Kidney infection, also called pyelonephritis, occurs when effective bacteria reach your kidneys as part of a urinary tract infection (UTI).
Most UTIs affect the lower part of your urethra, your urethra and bladder. Sometimes an infection that starts there goes into your upper urinary tract, affecting one or both kidneys.
If bacteria enter your body during surgery and travel from your bloodstream to the kidneys, it is also possible to get a kidney infection after the surgery. In this case, your lower urethra may not be affected.
If you have symptoms of a UTI or bladder infection – such as pain in the urine, foul-smelling urine, low back pain, or colored urine – you must seek medical attention to prevent the infection from spreading to your kidneys.
Kidney infections can be very painful and require immediate diagnosis and treatment. If your infection is not treated quickly, it can permanently damage your kidneys or spread to your bloodstream.
What Causes a Kidney Infection?
Kidney infections can be caused by bacteria or viruses that spread to your urinary tract, but bacterial infections are more common.
According to the Cleveland Clinic, in fact, about 90% of kidney infections are caused by the same type of bacteria, E. coli. (2)
Bacteria travel from your gastrointestinal tract through your urethra to your bladder, then travel through the tubes (known as the ureters) that connect your bladder and kidneys.
Usually, urine excretes any potentially harmful bacteria from your urine before it becomes an infection. But sometimes this does not happen due to the following conditions.
Structural abnormalities in your ureters or kidneys
Enlarged prostate (benign prostatic hyperplasia)
Reflux of urine from your bladder to your kidneys
Bacteria in your bloodstream can enter your kidneys and cause infections. It is usually caused by Staphylococcus, or Staphylococcus aureus.
Kidney infections that are spread through your bloodstream are born after surgery. This can happen if the prosthetic joint or heart valve is affected.
Causing a Kidney Infection It is not uncommon for kidney surgery.
How Common Are Kidney Infections?
The Cleveland Clinic estimates that between 3 and 7 out of 10,000 people in the United States have a kidney infection each year.
According to the National Institute of Diabetes and Digestive and Kidney Diseases, there are approximately 100 million hospital visits for UTIs in the United States each year, most of them related to kidney infections. (1)
Who Is at Risk for Kidney Infections?
Several factors can increase your risk of kidney infection:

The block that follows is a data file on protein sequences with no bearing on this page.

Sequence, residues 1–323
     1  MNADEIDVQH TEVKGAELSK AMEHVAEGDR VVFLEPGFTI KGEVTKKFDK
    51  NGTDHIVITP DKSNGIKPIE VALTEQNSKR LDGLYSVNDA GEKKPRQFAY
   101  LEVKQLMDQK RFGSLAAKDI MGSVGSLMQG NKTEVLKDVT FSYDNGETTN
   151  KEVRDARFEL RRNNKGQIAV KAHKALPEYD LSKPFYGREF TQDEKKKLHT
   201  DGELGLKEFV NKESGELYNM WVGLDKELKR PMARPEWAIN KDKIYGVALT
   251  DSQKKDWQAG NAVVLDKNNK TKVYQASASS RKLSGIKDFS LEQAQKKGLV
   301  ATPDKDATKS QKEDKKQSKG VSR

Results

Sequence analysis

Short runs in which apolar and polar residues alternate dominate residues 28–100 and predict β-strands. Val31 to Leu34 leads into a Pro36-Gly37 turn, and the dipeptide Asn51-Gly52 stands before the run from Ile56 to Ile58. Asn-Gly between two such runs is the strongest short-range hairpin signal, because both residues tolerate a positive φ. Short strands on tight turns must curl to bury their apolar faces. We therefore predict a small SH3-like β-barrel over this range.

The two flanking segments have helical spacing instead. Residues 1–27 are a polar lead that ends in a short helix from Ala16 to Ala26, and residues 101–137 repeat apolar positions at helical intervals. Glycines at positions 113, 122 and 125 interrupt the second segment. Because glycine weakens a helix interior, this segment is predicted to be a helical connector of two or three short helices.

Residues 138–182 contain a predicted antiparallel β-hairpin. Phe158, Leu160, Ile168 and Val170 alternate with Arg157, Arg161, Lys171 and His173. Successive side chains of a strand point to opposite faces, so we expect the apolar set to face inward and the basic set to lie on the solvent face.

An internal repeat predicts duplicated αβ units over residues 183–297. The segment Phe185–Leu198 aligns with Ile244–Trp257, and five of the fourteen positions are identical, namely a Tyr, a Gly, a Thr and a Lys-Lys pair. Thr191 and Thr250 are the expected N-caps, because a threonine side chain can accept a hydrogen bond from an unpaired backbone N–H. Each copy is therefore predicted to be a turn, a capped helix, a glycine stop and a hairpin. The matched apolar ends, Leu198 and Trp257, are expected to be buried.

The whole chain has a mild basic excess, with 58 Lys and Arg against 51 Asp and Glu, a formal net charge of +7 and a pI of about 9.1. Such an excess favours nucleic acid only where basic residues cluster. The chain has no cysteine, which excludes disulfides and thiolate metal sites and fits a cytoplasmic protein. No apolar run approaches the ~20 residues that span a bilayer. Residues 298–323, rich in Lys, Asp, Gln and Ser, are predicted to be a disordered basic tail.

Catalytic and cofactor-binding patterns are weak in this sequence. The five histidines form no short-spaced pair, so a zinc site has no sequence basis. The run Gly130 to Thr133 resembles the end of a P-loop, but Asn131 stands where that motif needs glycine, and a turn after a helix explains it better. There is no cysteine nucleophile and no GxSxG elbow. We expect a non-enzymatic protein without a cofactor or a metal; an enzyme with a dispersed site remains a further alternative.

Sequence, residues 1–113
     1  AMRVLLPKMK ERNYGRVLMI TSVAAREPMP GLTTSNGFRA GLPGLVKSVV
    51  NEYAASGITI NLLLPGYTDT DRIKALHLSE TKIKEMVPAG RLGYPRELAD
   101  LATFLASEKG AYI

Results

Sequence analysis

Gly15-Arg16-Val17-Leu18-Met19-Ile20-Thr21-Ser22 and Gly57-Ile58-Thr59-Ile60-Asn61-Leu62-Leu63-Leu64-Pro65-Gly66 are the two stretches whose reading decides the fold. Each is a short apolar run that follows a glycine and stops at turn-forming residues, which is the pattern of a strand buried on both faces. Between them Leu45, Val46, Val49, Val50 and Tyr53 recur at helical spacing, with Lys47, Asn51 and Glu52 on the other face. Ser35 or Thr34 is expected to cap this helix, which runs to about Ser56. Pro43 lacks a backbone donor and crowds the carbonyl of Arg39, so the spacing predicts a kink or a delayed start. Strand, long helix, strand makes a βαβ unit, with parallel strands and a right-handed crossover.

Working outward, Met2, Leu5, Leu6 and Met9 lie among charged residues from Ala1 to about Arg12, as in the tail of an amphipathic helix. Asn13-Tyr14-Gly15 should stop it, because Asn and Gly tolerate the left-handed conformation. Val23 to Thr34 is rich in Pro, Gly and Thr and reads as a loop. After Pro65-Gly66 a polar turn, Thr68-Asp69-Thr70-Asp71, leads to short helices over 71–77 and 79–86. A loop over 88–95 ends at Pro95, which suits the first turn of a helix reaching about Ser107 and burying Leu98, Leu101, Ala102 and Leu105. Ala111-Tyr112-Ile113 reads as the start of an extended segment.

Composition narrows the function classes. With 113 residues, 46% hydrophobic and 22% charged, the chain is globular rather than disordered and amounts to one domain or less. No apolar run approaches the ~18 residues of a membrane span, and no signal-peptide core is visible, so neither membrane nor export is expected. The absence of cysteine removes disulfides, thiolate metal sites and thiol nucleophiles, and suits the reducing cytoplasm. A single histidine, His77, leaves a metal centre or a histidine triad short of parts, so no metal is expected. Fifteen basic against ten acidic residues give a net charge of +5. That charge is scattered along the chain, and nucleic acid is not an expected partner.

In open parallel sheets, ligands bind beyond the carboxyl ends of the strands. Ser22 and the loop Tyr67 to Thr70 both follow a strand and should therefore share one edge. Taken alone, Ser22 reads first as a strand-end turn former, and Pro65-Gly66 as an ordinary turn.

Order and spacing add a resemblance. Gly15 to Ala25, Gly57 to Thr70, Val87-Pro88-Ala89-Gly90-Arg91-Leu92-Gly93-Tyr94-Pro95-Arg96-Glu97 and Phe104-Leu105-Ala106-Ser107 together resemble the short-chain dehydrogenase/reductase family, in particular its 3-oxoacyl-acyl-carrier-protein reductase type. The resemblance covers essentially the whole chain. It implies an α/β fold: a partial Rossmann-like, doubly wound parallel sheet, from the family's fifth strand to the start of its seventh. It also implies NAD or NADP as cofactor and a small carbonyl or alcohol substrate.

As a woman in women, the opening of the urethra – where the urine comes out of the body – is close to the vagina and anus, making it easier for germs from these orbits to enter the urethra. In men, the opening of the urethra is away from the anus.
Women’s urethra is also shorter than men’s, which causes bacteria to travel to the bladder and cause infections. (3)
Being sexually active, especially for women, can make it easier for bacteria to enter your urethra for bacteria in your genital area or anus.
According to Johns Hopkins Medicine, the use of condoms with a sperm coating also increases the risk that a woman will develop a UTI. (4)
As you become pregnant, your enlarged uterus can press and squeeze against your ureters, reducing the flow of urine from your kidneys to your bladder.
This low flow of urine can make it easier for the bacteria in your bladder to move to your kidneys. (2)
Poor urine flow is a major barrier against urinary tract infections in your urinary tract. This flow can be slowed down by a narrow urethra, an enlarged prostate, or a kidney stone. (1)
Having a weakened immune system Your immune system can be weakened by health conditions such as diabetes and HIV, or by certain medications.
Wearing a catheter Long-term use of a urinary catheter to remove urine from the bladder, such as during a surgical procedure or hospital stay, increases the risk of developing a UTI.
Nerve damage If you have a spinal cord injury or nerve damage around the bladder, you may not realize that when you develop a bladder infection, it can develop in your kidneys.
Problems with urinary reflux is a medical condition called vascular reflux, which causes a small amount of urine from your bladder to pass into your kidneys and possibly carry bacteria.
The diagnosis of vesicotreal reflux is most common during childhood.
Having trouble emptying your bladder If your bladder is not completely empty, which is known as urinary retention, the rest of the urine can be helpful in causing an infection.